An Experimental Receiver for Positioning by Triangulating on Non-Cooperating Cell Towers
G. Poberezhskiy, D. Lewis, P. Grobert, P. Quinn, W. Wallace, Raytheon Space and Airborne Systems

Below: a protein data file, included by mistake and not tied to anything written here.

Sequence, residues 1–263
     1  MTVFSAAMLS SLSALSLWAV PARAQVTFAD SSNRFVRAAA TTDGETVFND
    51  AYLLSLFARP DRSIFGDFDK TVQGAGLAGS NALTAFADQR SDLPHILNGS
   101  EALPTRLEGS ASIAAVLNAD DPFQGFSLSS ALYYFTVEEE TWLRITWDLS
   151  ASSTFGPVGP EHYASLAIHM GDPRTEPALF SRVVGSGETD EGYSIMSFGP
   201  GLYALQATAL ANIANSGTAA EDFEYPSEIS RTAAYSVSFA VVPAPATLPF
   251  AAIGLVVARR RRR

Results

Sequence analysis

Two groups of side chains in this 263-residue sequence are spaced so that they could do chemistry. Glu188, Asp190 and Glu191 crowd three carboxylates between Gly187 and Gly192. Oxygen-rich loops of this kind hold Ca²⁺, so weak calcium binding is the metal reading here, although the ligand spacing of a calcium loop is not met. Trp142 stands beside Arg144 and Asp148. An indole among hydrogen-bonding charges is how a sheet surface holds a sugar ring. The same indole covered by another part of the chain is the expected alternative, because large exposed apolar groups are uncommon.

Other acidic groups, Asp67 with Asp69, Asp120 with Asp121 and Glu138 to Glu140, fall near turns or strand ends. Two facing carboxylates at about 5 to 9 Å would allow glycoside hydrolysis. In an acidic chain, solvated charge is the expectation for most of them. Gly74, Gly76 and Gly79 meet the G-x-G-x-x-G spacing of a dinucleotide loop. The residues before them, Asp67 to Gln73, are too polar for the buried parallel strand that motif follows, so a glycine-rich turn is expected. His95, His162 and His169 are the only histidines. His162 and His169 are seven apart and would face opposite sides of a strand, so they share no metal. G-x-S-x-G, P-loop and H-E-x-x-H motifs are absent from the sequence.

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An experimental receiver for positioning by triangulating on non-cooperating cell towers is described in this paper. This receiver utilizes the analog and digital hardware of an existing GNSS receiver using an antenna array. It can provide a backup when GNSS navigation is disrupted, or work as a complementary navigation sensor. Most positioning methods using cell towers are cooperative, i.e. cell sites actively assist a registered user who belongs to their network. However, cell sites continuously transmit various signals (pilot, broadcast, user data, etc.) that are sufficiently above background noise (SNR > 20 dB) in a proper frequency band. Therefore, array direction finding allows a receiver to use non-cooperating cell towers transmitting signals of various standards for accurate positioning. Such a receiver is particularly beneficial for low- to medium-altitude (100–2000 m), low- to medium-speed aerial vehicles. It also can be useful for terrestrial vehicles, especially in rural areas. Hardware calibration and direction-finding (DF) algorithms have been implemented and sufficiently refined to demonstrate good positioning accuracy consistent with rms azimuth DF error close to 1 degree in good propagation conditions. This method can be combined with other positioning, navigation, and timing (PNT) methods. Field testing has also shown that the receiver can be used for accurate geolocation of cell sites. A basic concept of receiver operation has been developed. Current and potential issues have been identified, and workarounds and coping strategies have been proposed. Further concept refinements have been suggested.